"After spending several days around the program, in meetings and practices, the level of discipline would surprise some of those critics. Kingsbury rarely yells, but he consistently and concisely gets his point across to the players. When it comes to running the program, Kingsbury is more Marine than frat boy. Despite the relative closeness in age, there’s a parental quality to the relationship.“More than anything, they don’t want to disappoint him,” said Kenny Bell, Kingsbury’s right-hand operations man. “It kills them when they do. You can just see it.”"

Haney goes on to illustrate this point with a story about how Kingsbury came down on the players after practice for skipping class among other things. A team’s culture is a direct reflection of the leadership, or lack there of.

But leadership isn’t simply the responsibility of the coaching staff, which is why this 2015 class is so critical. Haney talks about how, as bad as the season has been, Kingsbury’s second recruiting class is turning into a monster. Five ESPN300 recruits are currently committed, with the potential for at least two more, to what could be Texas Tech’s best class ever. Even better than Tuberville’s 2011 class.

Then we get this gem of a story.

"Last year, when “College GameDay” was at Florida State, country singer Jake Owen served as a guest picker. Host Chris Fowler asked Owen to predict the outcome of the Oklahoma State-Texas Tech game.“I have a hard time pulling for a team where I feel like the coach spends more time looking in the mirror than [coaching],” Owen said. “The guy’s a runway model, right?”Owen later felt bad about the joke and sent an email to Hocutt to apologize. Hocutt put Owen and Kingsbury in touch. Kingsbury laughed it off — a reaction that impressed Owen.But it was a very public example of a popular opinion: Kingsbury is discounted as a coach because he resembles Ryan Gosling."

We all remember when this happened, and Haney uses it to segue into a discussion about Kingsbury’s public image. Owen may have lost every single West Texas country music fan that day, but he also foreshadowed an image problem that the athletic department seems to have ignored: Kingsbury isn’t taken seriously as a football coach for the very reasons he’s popular.

While he’s wooing moms, exciting recruits and reinvigorating fan bases with his dashing good looks and boyish charms, he’s also fueling the perception that he can’t coach and shouldn’t be taken seriously. Those accusations are aggravated by a losing record, and everyone at Texas Tech would do well to avoid booking any more TV or magazine interviews for him for the foreseeable future.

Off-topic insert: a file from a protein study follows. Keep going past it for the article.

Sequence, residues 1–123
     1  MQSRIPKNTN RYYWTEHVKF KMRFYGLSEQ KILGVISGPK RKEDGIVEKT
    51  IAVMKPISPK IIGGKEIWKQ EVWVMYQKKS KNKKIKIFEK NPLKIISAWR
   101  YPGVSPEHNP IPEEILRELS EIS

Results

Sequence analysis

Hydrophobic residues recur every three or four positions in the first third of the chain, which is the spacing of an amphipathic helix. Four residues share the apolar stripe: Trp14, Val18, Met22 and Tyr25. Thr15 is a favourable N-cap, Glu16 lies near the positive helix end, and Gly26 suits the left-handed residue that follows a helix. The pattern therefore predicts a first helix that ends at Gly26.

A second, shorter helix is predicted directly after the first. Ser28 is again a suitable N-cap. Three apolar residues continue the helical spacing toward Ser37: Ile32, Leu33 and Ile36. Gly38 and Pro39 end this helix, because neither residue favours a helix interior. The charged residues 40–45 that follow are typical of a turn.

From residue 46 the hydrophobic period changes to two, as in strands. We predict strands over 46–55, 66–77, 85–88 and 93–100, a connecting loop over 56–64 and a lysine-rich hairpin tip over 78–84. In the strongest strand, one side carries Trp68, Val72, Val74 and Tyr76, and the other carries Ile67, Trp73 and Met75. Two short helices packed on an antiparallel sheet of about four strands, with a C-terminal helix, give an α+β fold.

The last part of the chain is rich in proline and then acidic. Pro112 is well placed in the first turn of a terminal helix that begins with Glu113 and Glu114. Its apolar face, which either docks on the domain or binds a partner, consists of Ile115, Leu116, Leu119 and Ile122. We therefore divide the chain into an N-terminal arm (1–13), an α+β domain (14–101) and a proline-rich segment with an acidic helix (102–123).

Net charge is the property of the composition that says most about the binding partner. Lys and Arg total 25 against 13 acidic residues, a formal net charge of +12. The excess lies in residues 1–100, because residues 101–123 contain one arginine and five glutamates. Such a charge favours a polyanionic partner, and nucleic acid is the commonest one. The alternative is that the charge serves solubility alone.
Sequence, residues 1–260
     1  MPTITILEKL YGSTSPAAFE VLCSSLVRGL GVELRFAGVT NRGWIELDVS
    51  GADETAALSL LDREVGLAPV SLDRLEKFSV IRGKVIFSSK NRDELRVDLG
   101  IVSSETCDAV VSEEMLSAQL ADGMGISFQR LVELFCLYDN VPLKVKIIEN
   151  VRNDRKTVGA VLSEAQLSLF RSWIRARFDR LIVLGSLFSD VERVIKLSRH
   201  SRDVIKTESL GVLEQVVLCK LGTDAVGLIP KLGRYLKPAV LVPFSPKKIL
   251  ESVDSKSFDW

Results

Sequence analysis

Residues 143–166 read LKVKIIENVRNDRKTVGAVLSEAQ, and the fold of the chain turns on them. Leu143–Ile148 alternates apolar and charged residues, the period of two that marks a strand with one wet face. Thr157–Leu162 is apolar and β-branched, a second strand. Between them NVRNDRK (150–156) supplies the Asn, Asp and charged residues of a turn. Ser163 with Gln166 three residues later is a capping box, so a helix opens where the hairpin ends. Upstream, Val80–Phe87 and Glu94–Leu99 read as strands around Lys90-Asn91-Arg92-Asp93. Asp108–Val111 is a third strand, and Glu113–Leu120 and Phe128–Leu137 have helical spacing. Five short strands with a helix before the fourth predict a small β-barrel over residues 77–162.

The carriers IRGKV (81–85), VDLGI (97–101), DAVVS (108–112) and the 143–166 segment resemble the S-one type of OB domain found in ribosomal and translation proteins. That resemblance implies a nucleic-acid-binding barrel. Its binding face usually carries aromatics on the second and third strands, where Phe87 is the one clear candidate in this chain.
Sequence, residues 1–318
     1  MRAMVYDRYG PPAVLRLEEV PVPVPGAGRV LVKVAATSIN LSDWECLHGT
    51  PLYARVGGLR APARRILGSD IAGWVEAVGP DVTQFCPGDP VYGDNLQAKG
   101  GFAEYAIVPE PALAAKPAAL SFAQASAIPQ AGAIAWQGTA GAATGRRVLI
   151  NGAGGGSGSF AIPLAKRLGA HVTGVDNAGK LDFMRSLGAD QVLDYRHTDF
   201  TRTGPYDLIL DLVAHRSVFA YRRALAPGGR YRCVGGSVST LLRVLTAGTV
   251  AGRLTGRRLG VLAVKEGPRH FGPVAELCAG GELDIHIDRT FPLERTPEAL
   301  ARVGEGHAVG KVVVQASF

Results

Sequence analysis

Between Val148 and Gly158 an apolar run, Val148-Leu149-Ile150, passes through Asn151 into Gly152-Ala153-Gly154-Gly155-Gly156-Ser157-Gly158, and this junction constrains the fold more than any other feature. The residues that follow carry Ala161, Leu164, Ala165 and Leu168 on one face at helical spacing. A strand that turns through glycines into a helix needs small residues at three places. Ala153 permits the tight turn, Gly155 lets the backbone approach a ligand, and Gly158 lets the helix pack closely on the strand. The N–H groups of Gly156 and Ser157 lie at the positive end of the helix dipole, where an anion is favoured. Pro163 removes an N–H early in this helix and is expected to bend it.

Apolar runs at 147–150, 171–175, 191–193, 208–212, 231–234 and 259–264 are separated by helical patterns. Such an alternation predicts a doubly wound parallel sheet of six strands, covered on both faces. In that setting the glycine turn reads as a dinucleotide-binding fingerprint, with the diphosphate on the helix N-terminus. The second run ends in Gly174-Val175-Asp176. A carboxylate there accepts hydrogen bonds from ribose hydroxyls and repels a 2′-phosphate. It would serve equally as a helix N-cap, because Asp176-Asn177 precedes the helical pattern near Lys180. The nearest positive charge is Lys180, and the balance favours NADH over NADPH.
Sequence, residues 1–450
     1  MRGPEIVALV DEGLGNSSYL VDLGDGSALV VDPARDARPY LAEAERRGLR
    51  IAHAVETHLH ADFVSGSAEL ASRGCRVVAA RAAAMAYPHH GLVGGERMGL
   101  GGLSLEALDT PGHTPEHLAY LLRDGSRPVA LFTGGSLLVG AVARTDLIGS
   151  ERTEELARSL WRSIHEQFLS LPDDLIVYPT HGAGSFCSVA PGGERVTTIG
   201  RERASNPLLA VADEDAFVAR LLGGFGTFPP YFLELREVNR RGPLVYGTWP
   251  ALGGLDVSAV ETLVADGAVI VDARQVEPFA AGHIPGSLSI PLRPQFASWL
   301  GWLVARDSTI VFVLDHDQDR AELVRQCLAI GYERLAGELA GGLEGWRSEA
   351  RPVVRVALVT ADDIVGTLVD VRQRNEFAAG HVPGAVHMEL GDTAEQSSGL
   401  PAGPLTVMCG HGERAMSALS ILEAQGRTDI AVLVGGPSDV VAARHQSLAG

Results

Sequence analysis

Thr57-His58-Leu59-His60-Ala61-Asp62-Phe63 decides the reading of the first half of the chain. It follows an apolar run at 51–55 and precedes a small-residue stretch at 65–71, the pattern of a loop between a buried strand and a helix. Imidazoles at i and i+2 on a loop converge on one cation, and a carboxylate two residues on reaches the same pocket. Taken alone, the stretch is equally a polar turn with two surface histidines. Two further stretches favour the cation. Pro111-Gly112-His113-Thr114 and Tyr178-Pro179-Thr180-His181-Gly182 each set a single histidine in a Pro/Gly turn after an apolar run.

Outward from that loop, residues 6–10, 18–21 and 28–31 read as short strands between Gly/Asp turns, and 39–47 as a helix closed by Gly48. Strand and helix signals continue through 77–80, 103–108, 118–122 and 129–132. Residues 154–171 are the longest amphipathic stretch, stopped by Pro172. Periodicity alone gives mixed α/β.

"“It comes with it. I guess it’s better than people saying he’s ugly and he can’t coach,” Kingsbury said, laughing. “But no, I’ve heard that. You see the guys on ‘GameDay’ or whatever, making comments. It’s motivation to show that you can. We know what we have here. We know what we’re doing and where we’re heading.”Kingsbury continued, “This has been a tough year for everybody, but there’s people all over the country who have these situations. You can look at a Gary Patterson or a Dan Mullen. Dan Mullen’s two games away from getting fired last year, you know? If they don’t beat Arkansas in overtime, they’re probably going to fire him. They win those two, win their bowl game and they go on a run.“Gary goes 4-8 [in 2013]. He’s one of the top coaches in the country and has been for a long time. This year, they’re in the running for the playoff. Everyone goes through it. You’ve just got to stay consistent.”"

Despite the heartache that must come with having to coach your alma mater to a losing record, Kingsbury − God bless him − never seems to give up hope. What guys like Gary Paterson, Dan Mullen and Gus Malzahn have done over the last two years (take middling teams and lead them to national prominence practically overnight) is absolutely extraordinary, and you can tell that Kingsbury believes he can do the same here.

It may take more than a year, but he believes he can get it done.

Again, I encourage you to read Travis Haney’s article in its entirety if you get a chance. It’s a very well written view of what things look like behind the scenes at Texas Tech these days.